Stefan Müller’s exhibition ‘Allerliebste Tante Polly’ (Most Beloved Aunt Polly), at the Kunstverein in his hometown of Cologne, is a lesson in strategies of self-deprecation. The left-hand wall of the gallery – a long space with banks of windows on either side – has been partitioned off by a hand-hewn fence comprising beams of differing heights. The broad picture windows that punctuate the opposite wall frame a picturesque courtyard with magnolia trees blossoming in the early spring sunlight. The 14 new paintings hanging in a row on the roughly whitewashed fence do not attempt to compete with the windows’ clearly delineated views, however. Neither uniformly sized nor evenly spaced, and hung at varying heights, their self-consciously casual installation suggests a devil-may-care attitude in tune with that of the paintings themselves. When the sun shines brightly, the slats of the fence cast shadows that are visible on the delicate surfaces of the unprimed, often loose-weave canvases. Despite being adversely affected by light and architecture, the paintings seem to shrug in the face of such imperfect conditions: their abstraction, though casual, is surprisingly resilient.
The play of forms on the sometimes hand-dyed and still crumpled surfaces, veers towards the accidental: often rounded volumes or circumferences, marked out in a range of muted tones, sometimes accented with a streak of brilliant blue or orange. The seductive, bruised pinks that define the patchy surface of Himmelhochaufgelöst und verstiegen (On Top of the World Dissolved and High-Flown, all works 2013) could be a corner of a Luc Tuymans painting, magnified beyond recognition. A yellow disk hovering above an inky blue-black horizon suggests a tentatively rising moon in Iris-Blende Jacksons Island. Lozenges of vibrant fuchsia, neon orange and green stand out on the raw linen surface of the smallest work here (Tante Polly’s Garten, Aunt Polly’s Garden), while the silver bubbles and sunspots in Oh Happy Day (One Hit Wonder) suggest the levity and exultation hinted at by the work’s title. Using a vocabulary of patches, drips, glares and smudges, the paintings wear their nonchalance with studied introspection. But in spite of their lackadaisical attitude, Müller’s paintings do not lack confidence. Rather, through their apparently modest appearance, they set out to undermine the supposed gravity of painting at every turn.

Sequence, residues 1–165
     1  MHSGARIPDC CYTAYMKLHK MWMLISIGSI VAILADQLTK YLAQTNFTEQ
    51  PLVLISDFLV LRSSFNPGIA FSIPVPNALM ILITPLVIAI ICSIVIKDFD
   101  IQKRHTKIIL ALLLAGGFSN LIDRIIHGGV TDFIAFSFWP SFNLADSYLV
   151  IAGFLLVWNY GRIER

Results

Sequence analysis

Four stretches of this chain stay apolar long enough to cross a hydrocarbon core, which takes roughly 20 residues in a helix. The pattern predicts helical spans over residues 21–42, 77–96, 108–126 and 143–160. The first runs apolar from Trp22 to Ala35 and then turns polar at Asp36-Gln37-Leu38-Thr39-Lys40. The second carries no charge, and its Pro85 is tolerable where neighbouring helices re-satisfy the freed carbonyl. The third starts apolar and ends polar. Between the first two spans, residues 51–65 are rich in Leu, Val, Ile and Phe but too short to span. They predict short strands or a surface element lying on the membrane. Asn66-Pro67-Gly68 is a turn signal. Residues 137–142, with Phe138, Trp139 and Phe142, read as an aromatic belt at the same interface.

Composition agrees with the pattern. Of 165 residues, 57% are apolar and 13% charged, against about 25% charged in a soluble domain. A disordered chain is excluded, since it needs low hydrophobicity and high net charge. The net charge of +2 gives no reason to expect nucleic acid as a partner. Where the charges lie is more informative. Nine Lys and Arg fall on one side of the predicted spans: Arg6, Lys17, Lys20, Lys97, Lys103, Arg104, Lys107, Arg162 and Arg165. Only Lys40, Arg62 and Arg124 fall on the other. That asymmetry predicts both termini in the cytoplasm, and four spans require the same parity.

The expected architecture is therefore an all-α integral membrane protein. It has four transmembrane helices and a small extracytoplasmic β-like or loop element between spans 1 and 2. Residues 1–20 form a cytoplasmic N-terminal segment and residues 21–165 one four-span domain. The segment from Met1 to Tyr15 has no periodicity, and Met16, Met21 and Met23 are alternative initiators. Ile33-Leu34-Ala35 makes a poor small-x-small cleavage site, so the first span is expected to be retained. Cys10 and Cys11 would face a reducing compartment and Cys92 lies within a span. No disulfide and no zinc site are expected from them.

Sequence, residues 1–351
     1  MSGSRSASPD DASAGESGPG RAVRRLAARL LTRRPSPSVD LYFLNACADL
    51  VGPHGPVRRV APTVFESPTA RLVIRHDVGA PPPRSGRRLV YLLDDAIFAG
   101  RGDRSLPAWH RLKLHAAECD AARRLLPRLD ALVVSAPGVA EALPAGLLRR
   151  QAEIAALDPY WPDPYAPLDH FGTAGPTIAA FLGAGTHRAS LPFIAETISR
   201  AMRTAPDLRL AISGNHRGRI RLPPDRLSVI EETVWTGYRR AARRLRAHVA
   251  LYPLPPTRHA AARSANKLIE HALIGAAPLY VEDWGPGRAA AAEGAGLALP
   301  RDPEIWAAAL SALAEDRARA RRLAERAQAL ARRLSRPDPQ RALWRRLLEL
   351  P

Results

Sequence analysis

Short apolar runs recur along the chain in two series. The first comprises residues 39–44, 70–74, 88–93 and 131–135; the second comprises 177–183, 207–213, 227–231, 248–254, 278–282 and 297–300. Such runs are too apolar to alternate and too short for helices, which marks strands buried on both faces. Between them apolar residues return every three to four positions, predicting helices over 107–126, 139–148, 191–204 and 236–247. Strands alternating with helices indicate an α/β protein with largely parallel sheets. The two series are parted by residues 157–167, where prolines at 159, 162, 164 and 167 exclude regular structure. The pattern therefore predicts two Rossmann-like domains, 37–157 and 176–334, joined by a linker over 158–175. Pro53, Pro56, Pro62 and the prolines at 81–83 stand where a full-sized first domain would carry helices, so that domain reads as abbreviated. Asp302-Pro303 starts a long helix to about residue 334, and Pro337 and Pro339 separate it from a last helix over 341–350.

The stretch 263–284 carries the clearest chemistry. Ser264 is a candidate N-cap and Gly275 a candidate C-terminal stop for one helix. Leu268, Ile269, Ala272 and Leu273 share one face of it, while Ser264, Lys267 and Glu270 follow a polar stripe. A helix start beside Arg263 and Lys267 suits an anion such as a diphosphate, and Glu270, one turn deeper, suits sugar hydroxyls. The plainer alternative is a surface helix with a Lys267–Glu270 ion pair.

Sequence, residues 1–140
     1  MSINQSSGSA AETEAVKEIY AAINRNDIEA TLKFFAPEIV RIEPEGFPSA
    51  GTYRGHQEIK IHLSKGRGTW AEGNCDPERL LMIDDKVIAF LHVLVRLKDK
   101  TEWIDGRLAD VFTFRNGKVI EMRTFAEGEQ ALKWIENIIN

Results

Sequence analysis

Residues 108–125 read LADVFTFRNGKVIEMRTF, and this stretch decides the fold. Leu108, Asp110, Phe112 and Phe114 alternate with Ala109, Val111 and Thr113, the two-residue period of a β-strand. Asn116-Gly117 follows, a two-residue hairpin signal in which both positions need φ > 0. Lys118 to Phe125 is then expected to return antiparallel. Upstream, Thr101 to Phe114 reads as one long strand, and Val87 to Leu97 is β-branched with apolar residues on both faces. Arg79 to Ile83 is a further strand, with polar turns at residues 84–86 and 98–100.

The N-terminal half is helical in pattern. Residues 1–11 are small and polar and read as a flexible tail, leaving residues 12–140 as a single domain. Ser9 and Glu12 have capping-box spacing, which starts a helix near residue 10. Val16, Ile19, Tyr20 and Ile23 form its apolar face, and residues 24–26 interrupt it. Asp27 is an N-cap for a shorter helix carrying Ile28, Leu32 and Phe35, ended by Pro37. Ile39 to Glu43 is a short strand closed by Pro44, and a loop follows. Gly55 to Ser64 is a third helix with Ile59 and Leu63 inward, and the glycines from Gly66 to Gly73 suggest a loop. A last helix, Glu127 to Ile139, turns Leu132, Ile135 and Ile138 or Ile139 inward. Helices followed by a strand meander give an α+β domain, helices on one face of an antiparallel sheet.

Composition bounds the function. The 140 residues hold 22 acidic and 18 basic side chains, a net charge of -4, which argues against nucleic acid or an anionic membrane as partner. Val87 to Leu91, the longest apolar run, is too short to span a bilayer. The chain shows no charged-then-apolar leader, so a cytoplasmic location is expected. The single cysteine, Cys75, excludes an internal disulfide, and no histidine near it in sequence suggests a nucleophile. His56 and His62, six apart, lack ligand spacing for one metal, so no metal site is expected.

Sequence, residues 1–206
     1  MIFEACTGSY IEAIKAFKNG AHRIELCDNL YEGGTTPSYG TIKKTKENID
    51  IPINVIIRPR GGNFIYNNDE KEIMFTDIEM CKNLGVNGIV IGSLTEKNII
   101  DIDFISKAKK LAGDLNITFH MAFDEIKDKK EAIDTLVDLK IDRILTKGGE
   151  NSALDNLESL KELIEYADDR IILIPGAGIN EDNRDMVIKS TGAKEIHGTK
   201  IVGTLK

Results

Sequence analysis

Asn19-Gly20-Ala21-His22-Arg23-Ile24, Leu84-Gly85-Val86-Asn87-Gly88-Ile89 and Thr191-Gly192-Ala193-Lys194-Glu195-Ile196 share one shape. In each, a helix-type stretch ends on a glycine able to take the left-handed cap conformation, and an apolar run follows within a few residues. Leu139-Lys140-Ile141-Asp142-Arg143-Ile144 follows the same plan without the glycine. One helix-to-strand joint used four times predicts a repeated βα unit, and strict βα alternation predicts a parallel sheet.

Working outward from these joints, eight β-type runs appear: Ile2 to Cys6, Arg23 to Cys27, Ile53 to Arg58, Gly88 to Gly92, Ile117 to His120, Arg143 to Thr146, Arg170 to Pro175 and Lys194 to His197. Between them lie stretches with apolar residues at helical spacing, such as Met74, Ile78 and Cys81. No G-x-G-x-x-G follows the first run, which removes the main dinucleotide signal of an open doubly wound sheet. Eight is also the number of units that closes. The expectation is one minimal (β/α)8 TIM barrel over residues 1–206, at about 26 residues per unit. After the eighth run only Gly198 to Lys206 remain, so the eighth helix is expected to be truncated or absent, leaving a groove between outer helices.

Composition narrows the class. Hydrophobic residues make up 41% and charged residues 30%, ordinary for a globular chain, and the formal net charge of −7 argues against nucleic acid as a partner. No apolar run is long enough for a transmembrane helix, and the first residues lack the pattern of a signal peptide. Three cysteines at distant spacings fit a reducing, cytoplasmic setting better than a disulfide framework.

The whitewashed fence, while a practical measure to compensate for the difficulty of showing paintings in this wall-less room, brings with it a narrative component. As the exhibition’s title directs us, this is the fence Aunt Polly insisted that Tom Sawyer paint in Mark Twain’s famous novel of 1876. The constitutional laziness that characterizes Müller’s production finds its echo in Sawyer’s delegatory tactics, conning his pals into believing that the activity of painting was freely chosen, rather than enforced activity: ‘Like it? Well, I don’t see why I oughtn’t to like it,’ Tom boasts to a friend. ‘Does a boy get a chance to whitewash a fence every day?’ The allusion extends to Müller’s self-deprecatory handling and installation of his works. Is the artist’s activity of painting an irksome obligation or a freely chosen pleasure? As Tom figures out, appraising his winnings at the end of the day, ‘Work consists of whatever a body is obliged to do, and […] Play consists of whatever a body is not obliged to do.’ Where does the task of the artist fall on this scale between work and play? Müller’s installation wavers between the two poles of obligation and free choice. Compulsion is overridden by cunning and nonchalance, and the burden of meaning is delegated to the installation strategy, while the canvases themselves remain free to roam unencumbered in the realms of pleasure, or refusal.